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A pair of title bouts sit atop the marquee along with the return of a fan favorite as UFC 263 invades Gila Arena in Glendale, Arizona, on Saturday in a star-studded pay-per-view card. 

Middleweight champion Israel Adesanya returns from his first pro defeat suffered in a 205-pound title challenge when he welcomes rising contender Marvin Vettori in a rematch of their split decision in 2018. 

Speaking of rematches, flyweight champion Deiveson Figueiredo takes on Brandon Moreno in the co-main event fresh off their five-round thriller in December. The enigmatic Nate Diaz is also back in a rescheduled tilt against welterweight contender Leon Edwards. 

Let's take a closer look at the biggest storylines entering this weekend. 

1. Was Israel Adesanya's hiccup enough to derail momentum?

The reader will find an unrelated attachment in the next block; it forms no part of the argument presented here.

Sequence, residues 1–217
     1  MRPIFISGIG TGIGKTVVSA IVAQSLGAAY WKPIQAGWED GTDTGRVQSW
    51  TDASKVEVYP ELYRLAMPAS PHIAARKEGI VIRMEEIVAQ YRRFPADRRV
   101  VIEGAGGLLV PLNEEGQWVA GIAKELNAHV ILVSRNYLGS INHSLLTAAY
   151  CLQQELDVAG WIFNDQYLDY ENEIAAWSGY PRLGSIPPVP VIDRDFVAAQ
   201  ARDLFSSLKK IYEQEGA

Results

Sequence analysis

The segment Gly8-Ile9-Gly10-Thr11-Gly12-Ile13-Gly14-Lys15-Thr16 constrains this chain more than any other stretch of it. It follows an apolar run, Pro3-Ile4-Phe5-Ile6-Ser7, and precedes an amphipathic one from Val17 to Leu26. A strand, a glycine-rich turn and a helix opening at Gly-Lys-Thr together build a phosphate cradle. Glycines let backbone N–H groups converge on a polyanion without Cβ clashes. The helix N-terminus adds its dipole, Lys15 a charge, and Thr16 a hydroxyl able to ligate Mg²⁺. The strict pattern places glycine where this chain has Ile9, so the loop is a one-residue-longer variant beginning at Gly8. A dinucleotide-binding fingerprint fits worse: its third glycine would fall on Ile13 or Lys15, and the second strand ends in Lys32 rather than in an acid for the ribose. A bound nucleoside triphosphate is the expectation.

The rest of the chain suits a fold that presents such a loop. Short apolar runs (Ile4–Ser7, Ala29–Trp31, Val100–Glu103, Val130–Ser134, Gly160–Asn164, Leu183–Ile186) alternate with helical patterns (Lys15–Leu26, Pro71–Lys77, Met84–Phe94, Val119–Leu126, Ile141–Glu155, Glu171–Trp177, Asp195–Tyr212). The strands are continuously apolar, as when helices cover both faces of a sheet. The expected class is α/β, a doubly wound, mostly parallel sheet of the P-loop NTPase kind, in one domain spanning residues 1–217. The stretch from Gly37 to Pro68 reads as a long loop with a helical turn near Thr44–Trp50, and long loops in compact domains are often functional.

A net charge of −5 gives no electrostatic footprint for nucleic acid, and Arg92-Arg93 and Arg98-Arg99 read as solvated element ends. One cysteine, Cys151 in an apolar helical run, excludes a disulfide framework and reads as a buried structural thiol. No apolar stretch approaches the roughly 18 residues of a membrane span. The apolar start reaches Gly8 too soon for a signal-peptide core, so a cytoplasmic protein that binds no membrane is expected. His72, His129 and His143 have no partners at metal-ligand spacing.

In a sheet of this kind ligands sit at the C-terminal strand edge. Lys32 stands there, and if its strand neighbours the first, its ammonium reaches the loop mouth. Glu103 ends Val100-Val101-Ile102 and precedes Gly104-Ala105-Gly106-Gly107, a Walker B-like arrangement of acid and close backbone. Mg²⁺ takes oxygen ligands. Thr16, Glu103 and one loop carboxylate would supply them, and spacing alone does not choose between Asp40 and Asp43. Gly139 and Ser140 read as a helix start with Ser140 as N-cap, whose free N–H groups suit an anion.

It seems almost unfair to judge this closely, especially considering Adesanya, as the defending middleweight champion, attempted such a "dare to be great" endeavor that typically deserves acclaim when he lost a close decision to 205-pound champion Jan Blachowicz in March. But Adesanya's hype, at the time, was simply too large to overlook the potential fallout. Not only was "The Last Stylebender" unbeaten and a betting favorite against Blachowicz, there seemed limitless potential to his ceiling. Had Adesanya won, there was already talk in place of him possibly going directly to heavyweight and continuing his callout of Jon Jones. But Blachowicz used his size, smarts and wrestling to handle him, and now Adesanya returns to 185 pounds to fight a very similar style in Vettori. The much closer betting odds for a typical Adesanya fight suggest this should be anything but an easy task. But what happens should the 31-year-old champion lose his second straight fight, his title belt and a season of rarefied momentum that left many experts wondering if the dynamic striker was unbeatable? Sure, Adesanya talks a great game and always appears cool under pressure, but he brings with him an enormous amount of pressure into Saturday's rematch.